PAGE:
It was the first time he'd ever had a birthday party.
“I was acting like a 10-year-old kid again,” Jeremiah said.
A few months later, Jeremiah was back at Stacy and Richard's home, carrying everything he owned. He again needed a place to stay. For good.
His family was going back to a homeless shelter, and Child Protective Services was going to put Jeremiah in a boys' home or the Salvation Army.
“It's like having a baby dropped off at your doorstep,” Richard said.
Stacy and Richard, who were not yet married at the time, agreed that night to take him in. But shortly after, Jeremiah's older brother Patrick showed up at the house to take Jeremiah to the shelter.
The brothers argued. Jeremiah did not want to go.
He wanted to stop crying instead of sleeping. He wanted to stop switching schools.
And he wanted to keep playing football, something Patrick — a 6-foot-7, 300-pound specimen — had given up to help take care of the family.
But Stacy and Richard told Jeremiah to go with his brother. A couple hours later, though, Jeremiah returned.
His mom had given him permission to stay with Michael's family.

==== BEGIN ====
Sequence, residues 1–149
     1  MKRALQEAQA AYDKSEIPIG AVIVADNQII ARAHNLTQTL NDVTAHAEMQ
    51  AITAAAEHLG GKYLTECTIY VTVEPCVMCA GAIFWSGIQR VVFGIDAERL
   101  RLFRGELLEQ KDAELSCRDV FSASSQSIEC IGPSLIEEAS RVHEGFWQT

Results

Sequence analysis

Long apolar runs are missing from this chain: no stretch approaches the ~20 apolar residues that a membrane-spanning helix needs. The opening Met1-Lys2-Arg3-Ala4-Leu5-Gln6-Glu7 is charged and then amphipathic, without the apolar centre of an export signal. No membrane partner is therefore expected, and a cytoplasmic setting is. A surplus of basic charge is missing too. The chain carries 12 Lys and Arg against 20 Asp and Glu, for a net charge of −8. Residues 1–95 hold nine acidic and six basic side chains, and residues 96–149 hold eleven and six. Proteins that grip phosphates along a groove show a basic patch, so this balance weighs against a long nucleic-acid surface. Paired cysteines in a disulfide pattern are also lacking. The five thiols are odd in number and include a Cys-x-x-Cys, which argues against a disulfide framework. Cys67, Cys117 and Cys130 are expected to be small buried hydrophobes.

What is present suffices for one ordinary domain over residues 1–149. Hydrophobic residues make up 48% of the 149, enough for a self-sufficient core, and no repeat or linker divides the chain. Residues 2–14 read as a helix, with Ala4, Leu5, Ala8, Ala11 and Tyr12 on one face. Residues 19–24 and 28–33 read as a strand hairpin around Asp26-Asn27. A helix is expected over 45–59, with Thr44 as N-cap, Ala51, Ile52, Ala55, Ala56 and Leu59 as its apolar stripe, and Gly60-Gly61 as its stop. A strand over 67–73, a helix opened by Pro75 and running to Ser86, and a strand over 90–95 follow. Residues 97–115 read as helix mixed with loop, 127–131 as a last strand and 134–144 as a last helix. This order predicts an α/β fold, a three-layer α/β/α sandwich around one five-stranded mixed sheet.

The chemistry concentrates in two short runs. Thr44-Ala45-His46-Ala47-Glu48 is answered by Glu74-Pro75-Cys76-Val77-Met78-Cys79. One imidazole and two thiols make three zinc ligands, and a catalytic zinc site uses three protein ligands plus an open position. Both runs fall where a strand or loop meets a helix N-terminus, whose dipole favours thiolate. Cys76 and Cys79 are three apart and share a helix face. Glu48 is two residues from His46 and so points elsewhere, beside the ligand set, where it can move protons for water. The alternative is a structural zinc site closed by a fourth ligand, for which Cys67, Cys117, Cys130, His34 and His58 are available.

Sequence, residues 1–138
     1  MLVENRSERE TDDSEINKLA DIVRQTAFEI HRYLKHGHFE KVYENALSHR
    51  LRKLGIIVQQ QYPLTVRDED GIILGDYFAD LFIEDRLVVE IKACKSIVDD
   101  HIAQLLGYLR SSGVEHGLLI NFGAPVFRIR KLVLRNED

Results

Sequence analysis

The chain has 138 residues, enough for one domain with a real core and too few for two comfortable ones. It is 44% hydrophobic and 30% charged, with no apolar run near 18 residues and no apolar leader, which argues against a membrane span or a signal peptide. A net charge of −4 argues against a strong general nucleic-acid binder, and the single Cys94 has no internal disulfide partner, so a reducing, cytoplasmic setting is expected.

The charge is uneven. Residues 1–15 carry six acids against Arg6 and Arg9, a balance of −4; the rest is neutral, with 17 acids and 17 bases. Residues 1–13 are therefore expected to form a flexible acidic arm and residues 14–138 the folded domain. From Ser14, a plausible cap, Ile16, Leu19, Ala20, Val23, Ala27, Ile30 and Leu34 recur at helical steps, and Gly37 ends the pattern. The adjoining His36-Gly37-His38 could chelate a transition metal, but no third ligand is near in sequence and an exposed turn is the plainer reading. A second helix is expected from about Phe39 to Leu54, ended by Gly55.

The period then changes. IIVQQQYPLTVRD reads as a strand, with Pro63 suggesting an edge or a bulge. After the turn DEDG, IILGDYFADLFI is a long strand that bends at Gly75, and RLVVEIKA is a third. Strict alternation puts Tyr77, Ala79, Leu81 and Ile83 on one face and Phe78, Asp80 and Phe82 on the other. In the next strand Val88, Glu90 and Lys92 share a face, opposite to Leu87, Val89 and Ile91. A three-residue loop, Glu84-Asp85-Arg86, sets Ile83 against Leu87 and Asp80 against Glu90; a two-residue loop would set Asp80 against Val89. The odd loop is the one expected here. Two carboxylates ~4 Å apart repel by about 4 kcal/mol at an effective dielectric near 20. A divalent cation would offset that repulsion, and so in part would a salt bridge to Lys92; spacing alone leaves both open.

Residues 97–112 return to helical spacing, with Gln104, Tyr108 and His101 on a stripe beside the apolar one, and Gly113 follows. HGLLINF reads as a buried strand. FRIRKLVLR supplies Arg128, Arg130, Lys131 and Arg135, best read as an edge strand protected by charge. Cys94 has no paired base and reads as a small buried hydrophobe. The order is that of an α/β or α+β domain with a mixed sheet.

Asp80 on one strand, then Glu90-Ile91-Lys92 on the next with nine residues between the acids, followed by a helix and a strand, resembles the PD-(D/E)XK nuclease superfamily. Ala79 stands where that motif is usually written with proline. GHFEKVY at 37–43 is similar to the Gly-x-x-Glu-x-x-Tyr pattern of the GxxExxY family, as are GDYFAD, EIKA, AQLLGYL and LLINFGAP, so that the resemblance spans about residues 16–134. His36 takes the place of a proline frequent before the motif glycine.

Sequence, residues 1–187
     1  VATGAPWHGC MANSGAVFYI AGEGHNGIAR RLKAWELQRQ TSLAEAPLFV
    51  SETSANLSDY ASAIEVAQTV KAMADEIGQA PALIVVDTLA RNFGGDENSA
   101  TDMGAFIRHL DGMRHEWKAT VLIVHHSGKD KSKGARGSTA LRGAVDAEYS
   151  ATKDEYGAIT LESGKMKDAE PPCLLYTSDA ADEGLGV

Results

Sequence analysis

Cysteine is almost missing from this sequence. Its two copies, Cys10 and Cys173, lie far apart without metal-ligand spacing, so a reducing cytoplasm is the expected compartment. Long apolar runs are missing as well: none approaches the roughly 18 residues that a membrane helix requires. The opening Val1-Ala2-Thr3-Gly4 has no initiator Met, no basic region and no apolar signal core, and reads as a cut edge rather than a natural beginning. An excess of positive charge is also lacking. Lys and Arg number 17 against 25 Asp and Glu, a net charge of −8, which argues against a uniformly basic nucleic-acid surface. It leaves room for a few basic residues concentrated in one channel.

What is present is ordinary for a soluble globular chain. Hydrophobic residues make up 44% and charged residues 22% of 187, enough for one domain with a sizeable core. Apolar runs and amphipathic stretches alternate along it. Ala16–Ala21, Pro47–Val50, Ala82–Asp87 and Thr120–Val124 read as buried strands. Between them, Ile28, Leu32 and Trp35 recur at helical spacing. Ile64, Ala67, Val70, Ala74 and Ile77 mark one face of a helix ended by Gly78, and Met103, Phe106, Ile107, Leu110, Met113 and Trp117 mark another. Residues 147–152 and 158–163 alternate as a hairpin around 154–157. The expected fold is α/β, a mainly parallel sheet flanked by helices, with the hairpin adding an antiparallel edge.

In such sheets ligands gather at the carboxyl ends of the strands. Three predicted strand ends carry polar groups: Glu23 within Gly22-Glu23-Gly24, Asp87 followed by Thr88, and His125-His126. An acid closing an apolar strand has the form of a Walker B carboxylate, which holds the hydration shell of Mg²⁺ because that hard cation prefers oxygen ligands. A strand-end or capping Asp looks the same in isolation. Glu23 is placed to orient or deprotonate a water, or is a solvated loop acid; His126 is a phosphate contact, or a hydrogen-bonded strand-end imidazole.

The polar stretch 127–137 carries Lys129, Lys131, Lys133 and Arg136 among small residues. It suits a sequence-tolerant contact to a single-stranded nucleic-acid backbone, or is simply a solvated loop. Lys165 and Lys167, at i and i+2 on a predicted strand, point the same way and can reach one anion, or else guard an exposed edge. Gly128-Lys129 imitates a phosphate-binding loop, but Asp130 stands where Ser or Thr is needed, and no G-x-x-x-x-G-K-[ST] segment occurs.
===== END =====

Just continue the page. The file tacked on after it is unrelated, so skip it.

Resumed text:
“I'm going to stay at Richland, get a scholarship and go somewhere to do something with my life,” Jeremiah told himself.
Jeremiah permanently took the upstairs guest bedroom, decorating it with football posters and materials from the schools that had started recruiting him.
Immediately, he was treated like a son.
Michael gave Jeremiah his cell phone, which he has used ever since. He was part of family gatherings during the holidays. They all took a trip to Lake Whitney near the metroplex, which was Jeremiah's first time seeing a large body of water. Stacy and Richard escorted Jeremiah then stood by his side on Senior Night.
“I didn't get settled in and happy until I was (living with Michael's family),” Jeremiah said.
Walk in their home, and one of the first things you'll see is framed photos of Jeremiah and Michael on a table just inside the door. They now call themselves brothers.
“It's not like that movie,” said Stacy, referring to The Blind Side, the popular book-turned-movie that tells the story of Baltimore Ravens offensive lineman Michael Oher and the wealthy family that took him in during high school. “We're not rich by any means.